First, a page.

Less than 24 hours after Steve McClaren, the England manager, brought an end to Jonathan Woodgate's three-year international exile, the Middlesbrough defender came within 13 minutes of celebrating the recall by keeping Thierry Henry at bay. But, as many have found out before and many will find for years to come, there is no keeping a good man down and Henry's exceptional ability to deliver cost Middlesbrough the three points that would have pushed them up into the top half of the table.
This was not the result Arsenal required to maintain their recent surge towards the top two and they are now 10 points adrift of Chelsea, and some 14 shy of leaders Manchester United who face Tottenham today.
But Arsenal should be grateful for small mercies. The point gained here could quite easily have been none had Middlesbrough been able to retain the lead given to them just after the hour courtesy of Yakubu's cool penalty.
The controversial decision also led to Philippe Senderos, the Gunners defender, being red-carded for his pull on Yakubu as the Nigerian ran through on goal. Lehmann received a yellow card for his protestations and was involved in the equaliser when, despite claims he had stepped out of his box, he started the move that led to Henry's strike.
One Middlesbrough player many would have expected to have gone into hiding for the visit of Arsenal was Brad Jones, the young Aussie goalkeeper. When Mark Schwarzer's understudy was last asked to face the Gunners he ended up conceding seven on the Teessiders' visit to Highbury.
But there was no danger of a repeat. The threat of Henry, who hit a hat-trick in the 7-0 win, was nowhere near as large.
Having scored in each of his previous three Premiership outings, Henry has recaptured the sort of form that has quite rightly earned him a reputation as one of the greatest players in Premiership history. But despite his stature, Cattermole's awesome early tackle near the left touchline left Arsenal's captain stunned. It also illustrated how Middlesbrough were not going to be overawed on this occasion.
And it was a striker wearing the Middlesbrough red, Mark Viduka, who started the most purposefully. On two occasions in the opening quarter of an hour, his clever thinking created openings down the left.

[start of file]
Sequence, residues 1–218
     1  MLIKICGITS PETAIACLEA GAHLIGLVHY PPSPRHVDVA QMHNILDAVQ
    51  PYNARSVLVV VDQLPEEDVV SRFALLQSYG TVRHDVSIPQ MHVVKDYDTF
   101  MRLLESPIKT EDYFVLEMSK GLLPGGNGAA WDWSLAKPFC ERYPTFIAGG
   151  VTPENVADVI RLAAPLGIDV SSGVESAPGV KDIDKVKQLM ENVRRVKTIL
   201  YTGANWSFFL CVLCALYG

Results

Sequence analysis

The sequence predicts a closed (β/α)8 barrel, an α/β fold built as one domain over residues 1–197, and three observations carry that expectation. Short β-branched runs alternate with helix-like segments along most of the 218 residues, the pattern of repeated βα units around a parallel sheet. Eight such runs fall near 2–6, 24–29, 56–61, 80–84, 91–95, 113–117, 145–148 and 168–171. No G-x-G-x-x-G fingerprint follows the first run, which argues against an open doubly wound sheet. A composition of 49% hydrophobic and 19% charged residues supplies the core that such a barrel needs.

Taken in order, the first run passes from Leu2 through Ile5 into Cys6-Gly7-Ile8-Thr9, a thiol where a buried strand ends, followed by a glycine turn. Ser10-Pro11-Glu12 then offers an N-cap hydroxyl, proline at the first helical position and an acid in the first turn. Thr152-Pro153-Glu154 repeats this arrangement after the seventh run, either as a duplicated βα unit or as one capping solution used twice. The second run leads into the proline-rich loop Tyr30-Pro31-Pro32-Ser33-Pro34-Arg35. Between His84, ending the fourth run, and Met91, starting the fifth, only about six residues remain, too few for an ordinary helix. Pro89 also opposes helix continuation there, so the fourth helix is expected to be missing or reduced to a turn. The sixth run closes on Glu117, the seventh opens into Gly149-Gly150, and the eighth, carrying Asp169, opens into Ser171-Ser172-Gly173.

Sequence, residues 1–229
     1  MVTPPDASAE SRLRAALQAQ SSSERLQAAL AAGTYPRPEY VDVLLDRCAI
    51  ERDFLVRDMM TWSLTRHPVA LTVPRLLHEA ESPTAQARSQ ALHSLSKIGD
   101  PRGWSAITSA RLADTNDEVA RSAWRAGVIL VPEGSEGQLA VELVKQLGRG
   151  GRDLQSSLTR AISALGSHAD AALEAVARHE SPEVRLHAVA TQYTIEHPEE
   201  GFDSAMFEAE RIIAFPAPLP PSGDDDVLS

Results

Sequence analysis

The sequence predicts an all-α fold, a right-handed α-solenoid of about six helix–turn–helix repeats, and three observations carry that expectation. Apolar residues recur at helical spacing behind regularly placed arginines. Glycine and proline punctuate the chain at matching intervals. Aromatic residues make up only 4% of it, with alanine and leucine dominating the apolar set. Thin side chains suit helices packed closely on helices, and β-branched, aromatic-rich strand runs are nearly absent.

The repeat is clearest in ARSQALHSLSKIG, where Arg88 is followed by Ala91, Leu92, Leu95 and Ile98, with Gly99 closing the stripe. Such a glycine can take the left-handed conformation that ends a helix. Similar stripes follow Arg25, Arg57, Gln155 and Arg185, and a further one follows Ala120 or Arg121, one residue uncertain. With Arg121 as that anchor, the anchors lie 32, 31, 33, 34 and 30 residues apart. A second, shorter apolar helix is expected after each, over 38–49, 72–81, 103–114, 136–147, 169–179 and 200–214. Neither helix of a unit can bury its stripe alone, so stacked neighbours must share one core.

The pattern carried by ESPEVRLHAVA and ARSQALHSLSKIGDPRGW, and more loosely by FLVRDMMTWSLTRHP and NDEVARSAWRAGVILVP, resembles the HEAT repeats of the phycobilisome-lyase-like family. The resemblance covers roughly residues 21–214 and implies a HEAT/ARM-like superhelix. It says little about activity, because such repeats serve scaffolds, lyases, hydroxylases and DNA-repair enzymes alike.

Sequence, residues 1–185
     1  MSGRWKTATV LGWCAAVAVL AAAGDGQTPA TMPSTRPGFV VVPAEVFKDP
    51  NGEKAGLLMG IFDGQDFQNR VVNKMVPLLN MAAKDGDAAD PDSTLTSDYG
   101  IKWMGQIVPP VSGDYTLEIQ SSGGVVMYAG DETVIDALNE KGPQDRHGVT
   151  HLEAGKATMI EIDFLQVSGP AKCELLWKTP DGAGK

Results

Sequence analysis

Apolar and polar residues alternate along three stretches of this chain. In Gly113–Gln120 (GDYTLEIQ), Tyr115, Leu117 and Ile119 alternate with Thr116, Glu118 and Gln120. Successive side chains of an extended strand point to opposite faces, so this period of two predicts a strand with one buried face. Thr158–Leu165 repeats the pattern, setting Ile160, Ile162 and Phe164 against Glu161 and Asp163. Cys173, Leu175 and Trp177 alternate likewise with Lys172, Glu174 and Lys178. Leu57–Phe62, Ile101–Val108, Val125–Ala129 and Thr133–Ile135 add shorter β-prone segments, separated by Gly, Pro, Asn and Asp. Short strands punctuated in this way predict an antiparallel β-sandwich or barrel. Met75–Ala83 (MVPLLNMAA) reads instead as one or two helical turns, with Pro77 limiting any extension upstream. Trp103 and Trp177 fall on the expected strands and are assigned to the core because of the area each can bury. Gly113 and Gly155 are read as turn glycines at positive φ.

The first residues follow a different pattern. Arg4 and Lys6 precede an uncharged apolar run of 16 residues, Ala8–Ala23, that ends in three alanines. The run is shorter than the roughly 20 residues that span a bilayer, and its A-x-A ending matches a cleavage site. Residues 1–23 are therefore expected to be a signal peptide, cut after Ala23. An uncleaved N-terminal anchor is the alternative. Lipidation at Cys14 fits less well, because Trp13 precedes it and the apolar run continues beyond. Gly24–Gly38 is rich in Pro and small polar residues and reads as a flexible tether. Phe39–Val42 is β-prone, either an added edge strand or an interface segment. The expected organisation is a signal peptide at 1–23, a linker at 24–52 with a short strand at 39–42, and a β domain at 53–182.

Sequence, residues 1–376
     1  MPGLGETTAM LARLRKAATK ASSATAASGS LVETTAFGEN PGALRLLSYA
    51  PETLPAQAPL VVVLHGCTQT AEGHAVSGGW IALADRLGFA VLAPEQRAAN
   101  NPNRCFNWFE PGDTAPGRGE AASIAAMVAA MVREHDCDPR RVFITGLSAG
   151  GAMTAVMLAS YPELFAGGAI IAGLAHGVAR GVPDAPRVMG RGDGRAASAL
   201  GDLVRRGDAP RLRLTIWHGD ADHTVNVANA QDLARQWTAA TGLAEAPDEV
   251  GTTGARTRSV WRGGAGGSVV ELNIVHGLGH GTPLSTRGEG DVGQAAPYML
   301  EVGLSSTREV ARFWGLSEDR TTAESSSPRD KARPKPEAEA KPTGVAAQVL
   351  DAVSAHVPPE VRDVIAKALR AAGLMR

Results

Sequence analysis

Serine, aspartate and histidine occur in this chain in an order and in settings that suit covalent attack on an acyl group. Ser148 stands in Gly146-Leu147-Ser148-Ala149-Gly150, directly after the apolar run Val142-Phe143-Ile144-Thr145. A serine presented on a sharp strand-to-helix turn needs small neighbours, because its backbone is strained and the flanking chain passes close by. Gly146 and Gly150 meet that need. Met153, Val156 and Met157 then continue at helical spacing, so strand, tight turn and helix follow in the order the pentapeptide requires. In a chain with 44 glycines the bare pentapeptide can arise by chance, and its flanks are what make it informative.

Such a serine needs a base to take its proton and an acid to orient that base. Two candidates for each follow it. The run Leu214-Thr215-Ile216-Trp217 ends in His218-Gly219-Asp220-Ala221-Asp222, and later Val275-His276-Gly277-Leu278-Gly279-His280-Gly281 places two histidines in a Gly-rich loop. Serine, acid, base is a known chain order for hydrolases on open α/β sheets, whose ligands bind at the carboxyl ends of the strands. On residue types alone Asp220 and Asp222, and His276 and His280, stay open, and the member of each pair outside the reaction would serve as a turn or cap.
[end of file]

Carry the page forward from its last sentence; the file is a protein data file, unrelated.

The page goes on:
Arsenal, back on track in recent months after a run of just one defeat in 15 games, did not resemble a side sitting fourth in the opening half-hour with their best opportunity a Gilberto Silva free-kick that bounced harmlessly in front of Kolo Touré and behind for a goal-kick.
Nevertheless that proved to be the start of an increase in Arsenal pressure. Pressure which ultimately could have heralded the first goal before half-time, had Tomas Rosicky, the Czech midfielder, directed his stunning right-foot volley left of the upright instead of right after Woodgate's clearance.
Henry went a little closer, curling into the hands of Jones from 20 yards when it looked impossible to find a way through a group of red Middlesbrough shirts. Far from being cautious, Gareth Southgate, the Middlesbrough manager, brought on natural right-winger James Morrison for the second half and the change altered the pace of the game for the better.
The home side's refreshing adventure going forward also opened up gaps for Arsenal to exploit at the other end. Neither Jones nor Lehmann had been seriously tested until the penalty. Whether it should have been awarded, Viduka was instrumental once again. The former Leeds striker's flick sent Yakubu in a race with Senderos and the defender's pull gave Mr Riley the opportunity to point to the spot. And the Nigerian, like so often this season, sent the goalkeeper the wrong way.
It was exactly what Middlesbrough had craved and deserved. Arsenal, despite being a man down, continued to show the nice touches normally associated with them but without testing Jones until the latter stages. Even then Jones could do little to prevent Henry's quick feet from making the most of Adebayor's knock-down inside the Middlesbrough box.Reuse content